by Jane Sumner
have always been part of Americana. The Trailblazer and the super Chief, the
Burlington Zephyr and the Wabash Cannonball--magical names that shine a headlight
on the past and send a long blue whistle into the night. Jet-age Americans take
to the air, but they still wave to cabooses at crossings. And most want their
kids, sometime in their lives, to ride on a railroad.
So it's hard to understand how a train painted all white and armored heavily could crisscross the country for nearly 20 years without drawing attention. Finally, one man's curiosity got the best of him.
Idanha Films' The Arms Race Within takes an hour-long look at peace leader Jim Douglass and the people who sit on the tracks protesting the train that takes nuclear weapons from the Pantex assembly plant in Amarillo to the nuclear submarine base in Bangor, Wash.
Jim Douglass discovered its contents. Douglass, director of Washington-based Ground Zero Center for Nonviolent Action, saw the fortified train from his catbird seat on what he calls "the edge of destruction": He lives with his wife Shelley and their son alongside the fence of the Trident nuclear submarine base in Bangor. Their home overlooks the railroad tracks that lead into the base.
...the number of people holding trackside (sic.) vigils has grown from nine in 1982 to several thousand in 1985. Three hundred turned out as the train passed through Topeka, Kan., at 3 a.m. last February. The protesters know they can't stop it. They can slow its progress--as they did last February, by two days. As a result, the Department of Energy now re-routes (sic.) the train each trip on the tracks of least resistance.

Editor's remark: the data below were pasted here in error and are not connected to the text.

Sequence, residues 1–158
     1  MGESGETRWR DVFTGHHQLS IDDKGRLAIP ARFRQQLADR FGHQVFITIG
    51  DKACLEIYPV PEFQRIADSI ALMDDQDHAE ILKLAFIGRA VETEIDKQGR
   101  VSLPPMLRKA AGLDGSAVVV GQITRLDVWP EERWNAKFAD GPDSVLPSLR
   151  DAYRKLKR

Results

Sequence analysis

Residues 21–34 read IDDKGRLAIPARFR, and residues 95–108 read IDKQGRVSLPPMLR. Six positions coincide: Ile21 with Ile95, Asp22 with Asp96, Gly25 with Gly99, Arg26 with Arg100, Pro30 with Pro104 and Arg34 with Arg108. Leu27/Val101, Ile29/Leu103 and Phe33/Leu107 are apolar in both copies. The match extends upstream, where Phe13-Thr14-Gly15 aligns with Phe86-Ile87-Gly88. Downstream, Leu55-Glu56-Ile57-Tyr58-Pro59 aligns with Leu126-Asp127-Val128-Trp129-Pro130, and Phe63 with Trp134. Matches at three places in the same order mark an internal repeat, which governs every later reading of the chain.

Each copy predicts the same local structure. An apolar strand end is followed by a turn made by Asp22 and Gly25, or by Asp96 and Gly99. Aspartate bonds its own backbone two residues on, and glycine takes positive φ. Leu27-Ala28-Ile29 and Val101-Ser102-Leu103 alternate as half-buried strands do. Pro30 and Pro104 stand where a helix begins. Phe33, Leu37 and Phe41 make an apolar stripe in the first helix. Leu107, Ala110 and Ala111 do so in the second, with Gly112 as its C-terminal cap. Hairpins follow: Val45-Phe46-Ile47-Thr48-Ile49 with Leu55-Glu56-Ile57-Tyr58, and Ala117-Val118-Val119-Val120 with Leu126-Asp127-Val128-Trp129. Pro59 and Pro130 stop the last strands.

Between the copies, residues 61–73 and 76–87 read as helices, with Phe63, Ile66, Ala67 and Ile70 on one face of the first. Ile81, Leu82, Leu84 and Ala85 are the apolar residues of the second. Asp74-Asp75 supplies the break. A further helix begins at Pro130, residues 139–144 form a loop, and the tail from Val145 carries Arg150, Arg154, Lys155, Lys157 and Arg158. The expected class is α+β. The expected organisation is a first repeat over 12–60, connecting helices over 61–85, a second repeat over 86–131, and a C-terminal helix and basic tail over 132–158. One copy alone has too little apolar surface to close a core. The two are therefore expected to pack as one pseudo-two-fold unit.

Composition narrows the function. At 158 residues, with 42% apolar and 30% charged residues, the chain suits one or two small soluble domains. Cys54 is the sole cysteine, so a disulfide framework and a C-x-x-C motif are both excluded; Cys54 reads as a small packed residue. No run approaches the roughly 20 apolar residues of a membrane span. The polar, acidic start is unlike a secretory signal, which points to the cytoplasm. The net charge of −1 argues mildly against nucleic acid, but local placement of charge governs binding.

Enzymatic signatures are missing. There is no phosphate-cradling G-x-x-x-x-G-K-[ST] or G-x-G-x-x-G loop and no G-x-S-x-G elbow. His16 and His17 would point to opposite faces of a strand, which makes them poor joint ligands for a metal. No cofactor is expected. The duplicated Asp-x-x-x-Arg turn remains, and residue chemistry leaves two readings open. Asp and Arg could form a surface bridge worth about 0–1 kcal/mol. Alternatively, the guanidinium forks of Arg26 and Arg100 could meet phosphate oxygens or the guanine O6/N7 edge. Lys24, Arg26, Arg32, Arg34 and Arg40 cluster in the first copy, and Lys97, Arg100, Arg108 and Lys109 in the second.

Dallas Peace Times, vol. 1, no.2
The Undersheriff of Kitsap County (Washington) meets representatives from Ground Zero and Puget Sound Agape during filming of the (film) Arms Race Within.
|...Douglass...vowed, "We'll be on the tracks until the trains stop coming." The Canadian- born teacher- theologian is a reluctant leader. But his philosophy, his passion galvanize Ground Zero's nine hard- core members and the hundreds of agape folks strung out along the tracks. And it is his presence and intensity that dominate this film.|
...The Pacific Northwest's brooding scenery is the evergreen stage for this real-life morality play....It sets a mood of tranquility that works against the horror of the train.